On the celebration of the 10th Anniversary of iTunes, Apple celebrated by giving everyone with an iTunes Account, about 500 million people, a free copy of U2’s album “Songs of Innocence.” Some have surmised that this heralds the death of the iTunes Store, as musicians can no longer charge for downloads of their music. Instead, many are arguing that we are now in the era of music streaming, where no one wants to pay to download or “own” music anymore, when they can simply stream music wirelessly from the cloud-based music services now available. While it’s true we are in a time of transition from the CD and download era to “music everywhere” services, there will be life to download sales for some time. Network bandwidth is never free. Never has been, and never will. So there will always be a market, and a price premium, for offline storage of protected works, whether that is books, movies, or music. That said, it is a fact that downloads are declining due to the availability of these streaming services. For musicians, we once again, must adapt to these changes but these challenges are nothing new. Musicians have already been dealing with how to sell their services for hundreds of years.

The issue that the U2 deal raises, is what we musicians, must do to support the creation of our art. Actually, we are not alone in this struggle. Whether you are a painter, a ballerina, a sculptor, or a musician, artists all face this common challenge. So let’s look at how artists have raised support for centuries.

Although the terms of the deal between U2 and Apple are unknown, it’s clear that Apple, with permission from the band and their label Island/Universal Music, bought the rights to the master recordings, either permanently (less likely), or for a limited time (more likely), and the songwriters waived their rights to mechanical royalties (being paid per copy sold). So this makes Apple “patrons” of U2’s music. Let me explain.

There are three ways that people support the arts:

1. CUSTOMERS – People buy the works that artists create. This could be a Dutch Master painting at an auction, or a T-Shirt across a six-foot table at a show from a local band. Plain and simple commerce.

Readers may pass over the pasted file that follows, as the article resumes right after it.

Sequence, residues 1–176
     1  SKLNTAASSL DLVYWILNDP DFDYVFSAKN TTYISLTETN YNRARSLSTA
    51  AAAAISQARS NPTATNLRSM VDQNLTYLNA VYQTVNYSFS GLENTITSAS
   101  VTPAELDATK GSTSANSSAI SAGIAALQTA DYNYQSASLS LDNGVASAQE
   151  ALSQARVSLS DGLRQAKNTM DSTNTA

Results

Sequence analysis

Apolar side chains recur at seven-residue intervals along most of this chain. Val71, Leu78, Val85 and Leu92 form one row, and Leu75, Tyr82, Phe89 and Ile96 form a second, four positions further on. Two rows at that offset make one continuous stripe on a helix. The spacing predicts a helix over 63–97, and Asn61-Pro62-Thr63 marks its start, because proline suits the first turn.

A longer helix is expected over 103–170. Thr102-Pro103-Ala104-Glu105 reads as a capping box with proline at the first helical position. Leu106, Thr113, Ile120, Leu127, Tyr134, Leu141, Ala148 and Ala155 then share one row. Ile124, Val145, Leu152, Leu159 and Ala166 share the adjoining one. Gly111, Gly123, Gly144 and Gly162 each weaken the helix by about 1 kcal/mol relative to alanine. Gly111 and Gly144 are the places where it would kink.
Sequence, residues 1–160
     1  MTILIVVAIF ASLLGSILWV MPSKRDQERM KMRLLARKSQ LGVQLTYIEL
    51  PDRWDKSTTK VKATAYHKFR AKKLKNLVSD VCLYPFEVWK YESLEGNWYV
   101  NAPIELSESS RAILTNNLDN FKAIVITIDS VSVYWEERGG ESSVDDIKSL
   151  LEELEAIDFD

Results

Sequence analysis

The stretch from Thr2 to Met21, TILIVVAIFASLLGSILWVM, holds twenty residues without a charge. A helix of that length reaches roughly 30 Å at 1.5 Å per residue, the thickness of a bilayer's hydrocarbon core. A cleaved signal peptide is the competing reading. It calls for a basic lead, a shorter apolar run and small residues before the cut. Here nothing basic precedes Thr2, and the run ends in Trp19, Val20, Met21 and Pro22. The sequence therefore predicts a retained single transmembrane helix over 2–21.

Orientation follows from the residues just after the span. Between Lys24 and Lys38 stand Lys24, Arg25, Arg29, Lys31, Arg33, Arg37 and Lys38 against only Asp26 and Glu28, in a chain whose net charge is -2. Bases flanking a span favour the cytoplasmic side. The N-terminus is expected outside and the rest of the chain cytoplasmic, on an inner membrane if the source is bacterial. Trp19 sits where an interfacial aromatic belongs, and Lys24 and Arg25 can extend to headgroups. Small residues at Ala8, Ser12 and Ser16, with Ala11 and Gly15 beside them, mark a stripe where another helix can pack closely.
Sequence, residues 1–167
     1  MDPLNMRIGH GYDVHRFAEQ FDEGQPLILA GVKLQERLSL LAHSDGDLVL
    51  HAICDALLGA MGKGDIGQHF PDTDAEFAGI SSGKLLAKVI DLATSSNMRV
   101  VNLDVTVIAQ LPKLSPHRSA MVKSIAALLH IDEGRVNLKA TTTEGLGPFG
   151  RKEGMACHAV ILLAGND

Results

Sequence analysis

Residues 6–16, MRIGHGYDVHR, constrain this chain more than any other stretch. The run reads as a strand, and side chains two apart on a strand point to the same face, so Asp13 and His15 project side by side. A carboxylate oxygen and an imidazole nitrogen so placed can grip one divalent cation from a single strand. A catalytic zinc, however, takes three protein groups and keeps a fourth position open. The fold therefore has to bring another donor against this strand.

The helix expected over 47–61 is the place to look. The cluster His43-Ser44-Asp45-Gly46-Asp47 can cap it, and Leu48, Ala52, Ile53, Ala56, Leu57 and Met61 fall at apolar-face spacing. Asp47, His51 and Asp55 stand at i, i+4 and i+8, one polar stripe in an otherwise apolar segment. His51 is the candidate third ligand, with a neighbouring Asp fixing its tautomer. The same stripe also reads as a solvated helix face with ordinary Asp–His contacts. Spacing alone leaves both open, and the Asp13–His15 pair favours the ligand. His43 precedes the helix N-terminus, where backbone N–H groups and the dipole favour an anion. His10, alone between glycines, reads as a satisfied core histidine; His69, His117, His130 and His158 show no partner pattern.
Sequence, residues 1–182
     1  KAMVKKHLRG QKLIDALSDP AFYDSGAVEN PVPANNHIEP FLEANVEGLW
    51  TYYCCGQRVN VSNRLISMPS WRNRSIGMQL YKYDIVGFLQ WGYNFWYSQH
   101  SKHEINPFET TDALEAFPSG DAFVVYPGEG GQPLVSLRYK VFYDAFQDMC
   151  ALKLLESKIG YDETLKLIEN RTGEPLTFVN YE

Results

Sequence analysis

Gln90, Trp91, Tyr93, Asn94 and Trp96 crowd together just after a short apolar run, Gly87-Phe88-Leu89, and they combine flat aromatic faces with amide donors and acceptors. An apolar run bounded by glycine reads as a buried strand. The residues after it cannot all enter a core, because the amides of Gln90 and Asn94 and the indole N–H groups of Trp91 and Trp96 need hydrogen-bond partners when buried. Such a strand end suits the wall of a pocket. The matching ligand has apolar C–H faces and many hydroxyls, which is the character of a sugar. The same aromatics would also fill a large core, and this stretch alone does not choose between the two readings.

2. SPONSORS – Sometimes a person or business may want to have access to the audience of the artist. Often this is because the interest of the sponsor is aligned with the demographics of the fans of the artist. The most recent example of this is Honda’s ad campaign with Demi Lovato to reach minivan driving moms.

3. PATRONS – These are people who simple love the artist enough that they simply want to give money to keep their creations coming. Kings, queens, governments, businesses, and individuals have all done this over the course of history. And Apple just became one of the biggest patrons of music in the modern era. They loved U2 because a decade earlier, Apple wanted to bring the magic of iTunes to the fans of U2 through a sponsorship. Apple needed U2 back then. But now, both are so big that they both don’t need each other. Arguably, now U2 needs Apple. But however you slice it, Apple is U2’s patron.

So this brings us back to you, the everyday musician. Are you developing all three types of people who support the arts so that you can have a career? Because in today’s environment, among music streaming services, and the set of people who will download, and maybe buy the last few CDs available at your shows, you are going to need all three types of supporters. And U2 is reminding you that you need to pay attention to business.

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